May 26, 2011 — In an exclusive interview with WebMD, the U.S. Department of Agriculture (USDA) says the replacement for the Food Pyramid will be announced on June 2 -- and that the new icon heralds a "monumental effort" to improve America's health.
Why a new icon? The pyramid really does not capture the public's attention anymore, Robert C. Post, PhD, deputy director of the USDA Center for Nutrition Policy and Promotion, tells WebMD.
"Consumers can look forward to a new, simple, easy-to-understand cue to prompt healthy choices," Post tells WebMD. "You will get this monumental effort across all agencies as well as the private sector. A partnership with the goal of improving the health of all Americans."
"This icon really has the potential to trigger an 'aha!' moment, where people say, 'Hey, this is not that hard, I can do this,'" says Kathleen Zelman, RD, WebMD's Director of Nutrition, who is familiar with the USDA plan. "These 'aha!' moments are what make people finally change their behavior."
The release of the icon marks the launch of a massive effort to promote the USDA/HHS dietary guidelines announced last January.
New Diet Icon Marks New U.S. Health Strategy
You'll be seeing the icon everywhere. Every relevant federal agency will be doing its part. The White House will play a leading role, coordinating the new USDA/HHS dietary guidelines with Michelle Obama's Let's Move initiative.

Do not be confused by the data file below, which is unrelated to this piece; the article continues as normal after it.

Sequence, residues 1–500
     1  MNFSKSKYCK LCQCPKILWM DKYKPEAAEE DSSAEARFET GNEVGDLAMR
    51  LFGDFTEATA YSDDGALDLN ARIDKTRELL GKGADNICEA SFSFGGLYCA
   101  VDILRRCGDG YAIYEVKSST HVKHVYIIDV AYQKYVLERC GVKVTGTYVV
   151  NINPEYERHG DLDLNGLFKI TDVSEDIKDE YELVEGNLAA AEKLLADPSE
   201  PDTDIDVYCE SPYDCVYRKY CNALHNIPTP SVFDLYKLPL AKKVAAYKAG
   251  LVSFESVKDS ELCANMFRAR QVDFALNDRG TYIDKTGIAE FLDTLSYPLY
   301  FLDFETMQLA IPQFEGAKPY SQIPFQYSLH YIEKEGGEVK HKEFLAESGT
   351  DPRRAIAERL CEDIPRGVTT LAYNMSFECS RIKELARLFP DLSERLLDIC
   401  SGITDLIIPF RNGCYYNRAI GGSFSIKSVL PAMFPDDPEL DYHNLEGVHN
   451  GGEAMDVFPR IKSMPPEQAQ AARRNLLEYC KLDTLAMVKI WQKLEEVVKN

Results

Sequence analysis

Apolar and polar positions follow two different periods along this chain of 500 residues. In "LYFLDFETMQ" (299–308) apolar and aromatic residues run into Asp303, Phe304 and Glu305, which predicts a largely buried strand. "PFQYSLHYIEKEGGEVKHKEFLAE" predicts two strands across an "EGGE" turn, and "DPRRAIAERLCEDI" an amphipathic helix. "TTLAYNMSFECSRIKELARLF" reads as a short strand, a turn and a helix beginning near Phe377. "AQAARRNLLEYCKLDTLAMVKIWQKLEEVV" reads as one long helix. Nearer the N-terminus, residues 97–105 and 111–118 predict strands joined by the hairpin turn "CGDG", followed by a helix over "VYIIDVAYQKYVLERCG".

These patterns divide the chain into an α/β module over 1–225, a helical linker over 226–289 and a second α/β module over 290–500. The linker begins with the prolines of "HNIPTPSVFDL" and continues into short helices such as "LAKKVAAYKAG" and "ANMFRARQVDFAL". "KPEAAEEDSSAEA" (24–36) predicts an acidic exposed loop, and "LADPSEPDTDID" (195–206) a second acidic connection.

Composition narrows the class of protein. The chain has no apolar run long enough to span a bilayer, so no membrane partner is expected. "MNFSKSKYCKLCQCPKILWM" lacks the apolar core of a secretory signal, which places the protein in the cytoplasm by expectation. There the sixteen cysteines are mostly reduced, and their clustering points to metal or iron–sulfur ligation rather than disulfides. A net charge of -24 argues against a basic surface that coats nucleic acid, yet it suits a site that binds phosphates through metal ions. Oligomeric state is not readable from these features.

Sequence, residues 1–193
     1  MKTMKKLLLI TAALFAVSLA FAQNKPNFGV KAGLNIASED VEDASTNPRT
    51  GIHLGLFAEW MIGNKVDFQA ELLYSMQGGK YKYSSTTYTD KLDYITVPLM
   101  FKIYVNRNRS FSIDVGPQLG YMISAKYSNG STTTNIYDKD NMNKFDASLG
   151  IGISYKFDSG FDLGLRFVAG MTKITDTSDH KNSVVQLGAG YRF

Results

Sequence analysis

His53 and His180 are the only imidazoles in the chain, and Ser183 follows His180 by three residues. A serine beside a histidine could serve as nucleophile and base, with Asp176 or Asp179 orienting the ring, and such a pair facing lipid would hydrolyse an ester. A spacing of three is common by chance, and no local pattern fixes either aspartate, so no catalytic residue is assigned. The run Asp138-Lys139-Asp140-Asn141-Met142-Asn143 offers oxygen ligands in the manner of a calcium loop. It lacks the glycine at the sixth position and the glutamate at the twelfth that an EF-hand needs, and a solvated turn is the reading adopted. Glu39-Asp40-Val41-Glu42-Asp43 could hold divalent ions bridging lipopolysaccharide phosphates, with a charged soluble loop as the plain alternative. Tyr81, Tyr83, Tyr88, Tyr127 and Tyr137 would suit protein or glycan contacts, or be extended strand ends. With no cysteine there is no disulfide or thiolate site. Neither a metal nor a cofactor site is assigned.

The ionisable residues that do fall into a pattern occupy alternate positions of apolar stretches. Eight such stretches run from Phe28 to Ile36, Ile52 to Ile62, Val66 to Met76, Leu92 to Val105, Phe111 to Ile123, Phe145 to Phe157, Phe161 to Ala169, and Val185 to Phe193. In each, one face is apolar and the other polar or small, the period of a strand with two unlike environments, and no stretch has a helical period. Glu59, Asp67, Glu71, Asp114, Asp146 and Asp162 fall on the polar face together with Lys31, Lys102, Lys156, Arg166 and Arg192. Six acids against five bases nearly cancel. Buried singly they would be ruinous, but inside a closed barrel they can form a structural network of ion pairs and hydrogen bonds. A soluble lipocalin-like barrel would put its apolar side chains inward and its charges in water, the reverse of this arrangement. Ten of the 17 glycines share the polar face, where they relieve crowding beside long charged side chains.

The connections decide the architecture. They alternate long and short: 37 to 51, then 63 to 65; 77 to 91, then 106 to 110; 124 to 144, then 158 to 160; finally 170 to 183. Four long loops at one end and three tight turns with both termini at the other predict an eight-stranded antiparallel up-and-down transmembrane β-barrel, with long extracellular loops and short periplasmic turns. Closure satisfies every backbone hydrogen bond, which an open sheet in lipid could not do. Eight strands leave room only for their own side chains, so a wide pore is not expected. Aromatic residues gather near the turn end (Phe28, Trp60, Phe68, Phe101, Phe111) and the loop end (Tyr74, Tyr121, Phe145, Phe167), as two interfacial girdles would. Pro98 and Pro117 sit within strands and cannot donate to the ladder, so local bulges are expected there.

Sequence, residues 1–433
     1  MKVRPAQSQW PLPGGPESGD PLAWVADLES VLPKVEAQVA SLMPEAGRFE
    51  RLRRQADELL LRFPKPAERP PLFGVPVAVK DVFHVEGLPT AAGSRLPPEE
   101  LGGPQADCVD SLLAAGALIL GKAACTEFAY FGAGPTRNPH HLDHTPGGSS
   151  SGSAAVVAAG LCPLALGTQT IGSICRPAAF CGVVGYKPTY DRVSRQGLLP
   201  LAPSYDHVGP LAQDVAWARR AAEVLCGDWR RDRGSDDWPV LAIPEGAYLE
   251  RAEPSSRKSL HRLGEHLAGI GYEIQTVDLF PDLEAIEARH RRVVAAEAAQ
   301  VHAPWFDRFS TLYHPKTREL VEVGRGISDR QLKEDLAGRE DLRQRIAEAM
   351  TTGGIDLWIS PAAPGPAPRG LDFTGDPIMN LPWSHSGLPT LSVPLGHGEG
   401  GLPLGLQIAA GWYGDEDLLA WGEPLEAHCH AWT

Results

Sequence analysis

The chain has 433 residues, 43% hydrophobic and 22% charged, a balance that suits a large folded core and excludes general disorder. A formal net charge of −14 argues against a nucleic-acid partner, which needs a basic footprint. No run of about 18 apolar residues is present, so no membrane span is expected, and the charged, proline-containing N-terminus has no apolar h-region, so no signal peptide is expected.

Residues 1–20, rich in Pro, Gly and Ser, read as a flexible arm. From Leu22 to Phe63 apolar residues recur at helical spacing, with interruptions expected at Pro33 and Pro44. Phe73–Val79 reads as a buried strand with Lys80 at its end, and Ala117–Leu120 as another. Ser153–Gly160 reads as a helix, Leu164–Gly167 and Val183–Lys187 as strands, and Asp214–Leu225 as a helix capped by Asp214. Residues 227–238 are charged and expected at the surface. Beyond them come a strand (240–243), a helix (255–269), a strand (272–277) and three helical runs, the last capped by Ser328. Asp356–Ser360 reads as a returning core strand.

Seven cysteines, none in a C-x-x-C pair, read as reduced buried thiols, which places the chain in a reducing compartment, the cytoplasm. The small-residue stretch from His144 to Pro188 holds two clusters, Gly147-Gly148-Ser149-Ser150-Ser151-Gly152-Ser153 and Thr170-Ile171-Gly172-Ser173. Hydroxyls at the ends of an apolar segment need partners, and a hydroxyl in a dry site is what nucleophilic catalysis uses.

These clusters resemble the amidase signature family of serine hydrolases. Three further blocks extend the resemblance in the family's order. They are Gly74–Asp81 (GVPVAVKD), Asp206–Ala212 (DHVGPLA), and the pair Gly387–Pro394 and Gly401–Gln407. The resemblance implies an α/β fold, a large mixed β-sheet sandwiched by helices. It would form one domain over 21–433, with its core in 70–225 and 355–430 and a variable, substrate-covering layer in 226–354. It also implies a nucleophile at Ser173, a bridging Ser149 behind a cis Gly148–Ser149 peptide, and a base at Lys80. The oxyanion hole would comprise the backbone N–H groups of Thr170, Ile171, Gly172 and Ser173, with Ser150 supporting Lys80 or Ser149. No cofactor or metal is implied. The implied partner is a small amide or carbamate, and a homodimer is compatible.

The old diet plan was to tell Americans what they should eat and hope for the best. The new plan is vastly more active and will reach people at home, at school, at work, at play, and especially at supermarkets and restaurants.
"What we learned is it is not just giving information, it is a matter of making people understand there are options and practical ways to apply this to their lifestyle," Post says. "There will be a 'how-to' that will resonate with individuals. That is the behavioral part that is needed. We need to transcend information -- 'here's what the science says' -- and give people the tools and the opportunities to take action."
There are six how-to messages to guide healthy eating:
Enjoy your food, but eat less.
Avoid oversized portions.
Make half of your plate fruits and vegetables.
Switch to fat-free or low-fat (1%) milk.
Compare sodium in foods like soup, bread, and frozen meals, and choose the foods with lower numbers.
Drink water instead of sugary drinks.
Doing all of this at once may be too much to swallow. So the USDA plan is to stress one idea at a time.
First up will be the "make half of your plate fruits and vegetables" advice. It will be supported by a wide array of guidance on exactly how to do this. For example, one might add fruit to a leafy green salad. Or replace a sugary dessert with a bowl of fruit.
Post notes that the government can't do this alone. Key to the plan is a myriad of private/public partnerships with a wide variety of businesses ranging from grocery to media companies.
"The fact they are reaching out to a broad partnership is important, because we need all the ammunition we can get to fight the epidemics of obesity and diabetes," Zelman says.
Robert C. Post, PhD, deputy director, Center for Nutrition Policy and Promotion, USDA.
Kathleen Zelman, RD, director of nutrition, WebMD.
USDA and HHS, 2010 Dietary Guidelines, released Jan. 31, 2011.